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Sekerke v. Gonzalez

United States District Court, S.D. California

May 26, 2017

KEITH WAYNE SEKERKE, Plaintiff,
v.
SHERIFF DEPUTY GONZALEZ; DEPUTY JOHN DOE; LISA GUIGUITE STARK, DDA; JOHN AND JANE DOES, DDA, et al., Defendants.

          ORDER: (1) OVERRULING PLAINTIFF'S R. & R. OBJECTIONS; (2) ADOPTING R. & R. (3) AND DENYING EX PARTE REQUEST FOR A PRISON TRANSFER AND MOTION FOR INJUNCTION (ECF NOS. 76 & 78)

          Hon. Janis L. Sammartino, United States District Judge

         Presently before the Court is Plaintiff's Motion and Ex Parte Request for a Prison Transfer and Order upon California Department of Corrections and Rehabilitation (“CDCR”) Officials to Stop Retaliation and Assaults and Injunction (“Transfer Mot.”). (ECF No. 76.) Approximately five days after the Court received the Transfer Motion, Magistrate Judge William V. Gallo submitted a Report and Recommendation (“R. & R.”) recommending that the Court deny Plaintiff's requested relief. (ECF No. 78.) Plaintiff subsequently filed two sets of Objections. (Pl.'s Objs. to Magistrate Judge's Findings and Recommendation (“Obj. I”), ECF No. 83; Pl.'s Suppl. Objs. to Magistrate Judge's Findings and Recommendations (“Obj. II”), ECF No. 84.) Having reviewed Judge Gallo's Report and Recommendation, as well as Plaintiff's Transfer Motion and Objections, the Court DENIES Plaintiff's Transfer Motion.

         Procedurally, a federal district court may issue emergency injunctive relief only if it has personal jurisdiction over the parties and subject matter jurisdiction over the lawsuit. See Murphy Bros., Inc. v. Michetti Pipe Stringing, Inc., 526 U.S. 344, 350 (1999) (noting that one “becomes a party officially, and is required to take action in that capacity, only upon service of summons or other authority-asserting measure stating the time within which the party served must appear to defend”). The court may not attempt to determine the rights of persons not before it. See, e.g., Hitchman Coal & Coke Co. v. Mitchell, 245 U.S. 229, 234-35 (1916); Zepeda v. INS, 753 F.2d 719, 727-28 (9th Cir. 1983). Pursuant to Federal Rule of Civil Procedure 65(d)(2), an injunction binds only “the parties to the action, ” their “officers, agents, servants, employees, and attorneys, ” and “other persons who are in active concert or participation” with them. Fed.R.Civ.P. 65(d)(2)(A)-(C).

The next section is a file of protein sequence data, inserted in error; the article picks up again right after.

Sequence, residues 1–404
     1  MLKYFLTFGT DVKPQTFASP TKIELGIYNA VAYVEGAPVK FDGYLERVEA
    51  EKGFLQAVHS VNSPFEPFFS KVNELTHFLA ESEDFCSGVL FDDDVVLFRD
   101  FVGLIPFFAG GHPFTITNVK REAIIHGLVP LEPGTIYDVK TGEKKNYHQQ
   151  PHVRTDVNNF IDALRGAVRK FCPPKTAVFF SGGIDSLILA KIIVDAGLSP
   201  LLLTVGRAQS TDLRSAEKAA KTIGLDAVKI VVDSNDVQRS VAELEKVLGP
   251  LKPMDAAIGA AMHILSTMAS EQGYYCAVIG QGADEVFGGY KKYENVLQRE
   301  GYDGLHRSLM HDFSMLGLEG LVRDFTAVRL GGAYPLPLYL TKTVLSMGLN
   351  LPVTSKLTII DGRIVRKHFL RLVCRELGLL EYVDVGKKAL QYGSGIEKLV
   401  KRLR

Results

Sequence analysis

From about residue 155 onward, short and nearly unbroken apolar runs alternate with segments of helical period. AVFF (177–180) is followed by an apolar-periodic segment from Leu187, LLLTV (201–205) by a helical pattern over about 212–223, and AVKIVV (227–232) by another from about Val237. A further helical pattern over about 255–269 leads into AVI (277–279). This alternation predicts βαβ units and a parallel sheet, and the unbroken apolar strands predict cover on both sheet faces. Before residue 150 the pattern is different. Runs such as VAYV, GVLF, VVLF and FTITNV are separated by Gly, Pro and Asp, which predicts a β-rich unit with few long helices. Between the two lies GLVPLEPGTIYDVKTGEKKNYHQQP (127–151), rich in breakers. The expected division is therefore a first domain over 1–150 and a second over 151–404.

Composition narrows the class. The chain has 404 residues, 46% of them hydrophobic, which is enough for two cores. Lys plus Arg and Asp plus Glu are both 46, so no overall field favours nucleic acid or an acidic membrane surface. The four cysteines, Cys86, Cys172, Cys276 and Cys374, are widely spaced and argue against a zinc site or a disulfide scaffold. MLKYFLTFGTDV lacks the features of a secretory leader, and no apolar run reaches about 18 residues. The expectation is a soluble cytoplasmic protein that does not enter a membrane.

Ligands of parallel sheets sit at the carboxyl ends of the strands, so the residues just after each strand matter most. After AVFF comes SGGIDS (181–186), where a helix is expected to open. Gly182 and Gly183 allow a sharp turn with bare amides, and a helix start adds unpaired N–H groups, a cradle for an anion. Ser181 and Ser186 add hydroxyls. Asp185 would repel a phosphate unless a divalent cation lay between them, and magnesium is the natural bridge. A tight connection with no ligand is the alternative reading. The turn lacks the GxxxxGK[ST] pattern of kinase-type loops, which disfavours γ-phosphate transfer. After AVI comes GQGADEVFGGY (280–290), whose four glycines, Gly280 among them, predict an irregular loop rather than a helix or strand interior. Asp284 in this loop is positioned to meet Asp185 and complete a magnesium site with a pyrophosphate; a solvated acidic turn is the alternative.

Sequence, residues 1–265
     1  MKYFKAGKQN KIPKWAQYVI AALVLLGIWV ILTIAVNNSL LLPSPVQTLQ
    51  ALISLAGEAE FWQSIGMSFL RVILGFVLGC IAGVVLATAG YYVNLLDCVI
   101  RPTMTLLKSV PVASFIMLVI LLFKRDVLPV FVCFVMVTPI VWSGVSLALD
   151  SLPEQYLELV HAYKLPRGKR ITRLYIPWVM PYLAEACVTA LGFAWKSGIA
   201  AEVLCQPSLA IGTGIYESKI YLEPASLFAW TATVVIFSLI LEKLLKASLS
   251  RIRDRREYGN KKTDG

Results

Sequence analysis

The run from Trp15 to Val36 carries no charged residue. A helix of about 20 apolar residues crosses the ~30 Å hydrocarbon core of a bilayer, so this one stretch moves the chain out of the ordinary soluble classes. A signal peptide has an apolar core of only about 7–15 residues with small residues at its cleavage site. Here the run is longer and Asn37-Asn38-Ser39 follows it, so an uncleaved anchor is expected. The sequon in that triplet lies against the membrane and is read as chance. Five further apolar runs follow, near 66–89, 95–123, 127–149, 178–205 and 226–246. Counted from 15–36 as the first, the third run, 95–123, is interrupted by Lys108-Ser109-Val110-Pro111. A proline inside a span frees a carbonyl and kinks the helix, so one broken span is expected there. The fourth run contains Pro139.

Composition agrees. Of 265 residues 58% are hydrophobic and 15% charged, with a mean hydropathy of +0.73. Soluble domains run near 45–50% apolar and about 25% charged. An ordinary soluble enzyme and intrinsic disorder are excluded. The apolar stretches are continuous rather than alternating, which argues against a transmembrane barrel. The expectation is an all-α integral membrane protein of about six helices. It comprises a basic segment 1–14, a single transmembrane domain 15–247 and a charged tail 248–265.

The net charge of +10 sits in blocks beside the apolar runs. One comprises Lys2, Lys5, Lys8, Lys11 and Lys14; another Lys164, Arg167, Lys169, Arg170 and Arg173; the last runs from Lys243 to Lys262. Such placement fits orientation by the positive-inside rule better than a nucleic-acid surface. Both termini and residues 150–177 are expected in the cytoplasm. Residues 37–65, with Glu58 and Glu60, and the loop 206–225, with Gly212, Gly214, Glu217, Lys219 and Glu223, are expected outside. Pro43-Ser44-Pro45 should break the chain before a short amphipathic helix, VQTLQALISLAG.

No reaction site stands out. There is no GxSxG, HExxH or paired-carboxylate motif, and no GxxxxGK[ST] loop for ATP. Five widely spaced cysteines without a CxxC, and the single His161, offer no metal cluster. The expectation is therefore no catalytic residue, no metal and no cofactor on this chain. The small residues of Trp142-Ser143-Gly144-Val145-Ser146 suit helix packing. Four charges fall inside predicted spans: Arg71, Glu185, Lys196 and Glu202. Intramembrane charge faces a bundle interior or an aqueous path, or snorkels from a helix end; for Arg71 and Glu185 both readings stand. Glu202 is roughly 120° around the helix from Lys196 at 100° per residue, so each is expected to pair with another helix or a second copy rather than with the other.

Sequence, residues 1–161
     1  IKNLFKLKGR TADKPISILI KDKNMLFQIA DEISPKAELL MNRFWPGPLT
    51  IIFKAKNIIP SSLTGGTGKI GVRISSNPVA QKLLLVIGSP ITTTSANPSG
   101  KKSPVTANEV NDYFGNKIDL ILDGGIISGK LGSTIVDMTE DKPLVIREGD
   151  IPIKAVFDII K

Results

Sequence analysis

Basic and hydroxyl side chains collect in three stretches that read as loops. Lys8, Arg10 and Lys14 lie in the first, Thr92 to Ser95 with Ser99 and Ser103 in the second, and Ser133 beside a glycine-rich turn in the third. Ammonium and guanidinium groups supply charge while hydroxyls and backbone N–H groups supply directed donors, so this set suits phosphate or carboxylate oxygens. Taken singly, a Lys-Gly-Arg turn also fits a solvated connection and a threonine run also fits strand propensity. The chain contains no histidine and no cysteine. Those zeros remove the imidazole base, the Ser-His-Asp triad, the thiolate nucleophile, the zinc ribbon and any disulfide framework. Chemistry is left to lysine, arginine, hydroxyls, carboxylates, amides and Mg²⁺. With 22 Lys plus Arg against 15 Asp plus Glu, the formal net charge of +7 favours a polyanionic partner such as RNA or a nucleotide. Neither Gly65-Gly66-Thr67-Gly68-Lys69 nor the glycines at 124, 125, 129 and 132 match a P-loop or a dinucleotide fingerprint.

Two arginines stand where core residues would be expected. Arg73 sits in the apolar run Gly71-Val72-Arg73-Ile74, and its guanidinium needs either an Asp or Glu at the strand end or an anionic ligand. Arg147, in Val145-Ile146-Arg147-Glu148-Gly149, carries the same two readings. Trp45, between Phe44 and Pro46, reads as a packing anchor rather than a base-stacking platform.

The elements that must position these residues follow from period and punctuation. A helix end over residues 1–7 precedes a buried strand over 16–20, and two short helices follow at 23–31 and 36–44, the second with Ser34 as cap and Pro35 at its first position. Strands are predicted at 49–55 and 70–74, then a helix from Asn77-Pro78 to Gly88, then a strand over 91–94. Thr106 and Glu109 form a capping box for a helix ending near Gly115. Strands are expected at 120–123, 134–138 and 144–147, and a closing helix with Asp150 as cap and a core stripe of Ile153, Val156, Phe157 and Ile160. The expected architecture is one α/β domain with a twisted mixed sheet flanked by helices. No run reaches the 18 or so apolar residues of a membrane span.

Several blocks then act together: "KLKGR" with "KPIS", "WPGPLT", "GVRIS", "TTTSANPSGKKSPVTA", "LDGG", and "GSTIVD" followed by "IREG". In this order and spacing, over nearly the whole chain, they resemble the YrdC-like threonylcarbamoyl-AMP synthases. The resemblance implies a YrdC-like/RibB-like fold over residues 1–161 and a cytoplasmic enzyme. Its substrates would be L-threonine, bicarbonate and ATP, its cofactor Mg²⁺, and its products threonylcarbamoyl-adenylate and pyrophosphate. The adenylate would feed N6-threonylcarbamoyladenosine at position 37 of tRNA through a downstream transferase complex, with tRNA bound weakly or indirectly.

In the present case, Plaintiff's Transfer Motion seeks an injunction ordering “the CDCR to transfer him to another prison and to order the guards at Kern Valley State Prison to cease assaulting him and retaliating against him for attempting to litigate this lawsuit.” (R. & R. 2.) However, as Judge Gallo correctly noted, Plaintiff's claims in this lawsuit “are against San Diego County Deputy Sheriff Gonzalez and occurred [approximately three years ago] in a courtroom of the San Diego Superior Court.” (Id. at 3.) Accordingly, neither CDCR nor any guard at Kern Valley State Prison are a party to this lawsuit, and “ordering Plaintiff transferred to a different prison would not address or redress any alleged injury” set forth in the operative Complaint “in the instant case.” (Id.) Otherwise put, the relief Plaintiff requests-presented within the procedural posture of this lawsuit-falls outside of the permissible jurisdictional scope set by Federal Rule of Civil Procedure 65 and binding case law. This is fatal to Plaintiff's request. (See R. & R. 3 (“Any alleged guard assaults or retaliation against Plaintiff at Kern Valley State Prison in Delano, California are factually disconnected from, and unrelated to, the core facts of this case and are properly the subject of a separate section 1983 action if Plaintiff chooses to pursue that route.”).)

         And Plaintiffs Objections cannot skirt this threshold jurisdictional requirement. Plaintiffs first Objections focus on the threats and assaults he has allegedly endured while in prison, as well as denials of access to the Prison Law Library, which have made it so that he cannot “effectively prosecute [his] claims.” (E.g., Objs. I 2.) Plaintiffs second Objections again focus on denials of access to the Prison Law Library, recounting various interactions with the Prison law librarians, and a general lack of Prison staffing. (Objs. II 1-5.) Even taking these objections as true, however, they do nothing to alleviate the jurisdictional deficiencies noted above. (See, e.g., Objs. II 3 (“I do know and believe I'm being retaliated against for REASONS UNRELATED to this case, but since this prison does not have enough staff to provide meaningful access to [the] law library for all the prisoners, it[']s [a] justifiable reason for the Court to intercede.” (capitalization in original).)[1]

         Given the foregoing, the Court:

         (1) OVERRULES Plaintiffs Objections;

         (2) ADOPTS Magistrate Judge Gallo's Report and Recommendation; and

         (3) DENIES Plaintiffs Transfer Motion in its entirety.

         IT IS SO ORDERED.

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Notes:

[1] Plaintiff also seemingly requests a stay of the action if the Court does not grant relief: “[P]erhaps [t]he Honorable Court will stay the proceedings, please, until I get released or until this prison can hire the proper amount of staff.” (Obj. II 3.) However, a Supplemental Objection to a Magistrate Judge's Report and Recommendation is not the proper place to request a new and distinct form of relief, especially one ...


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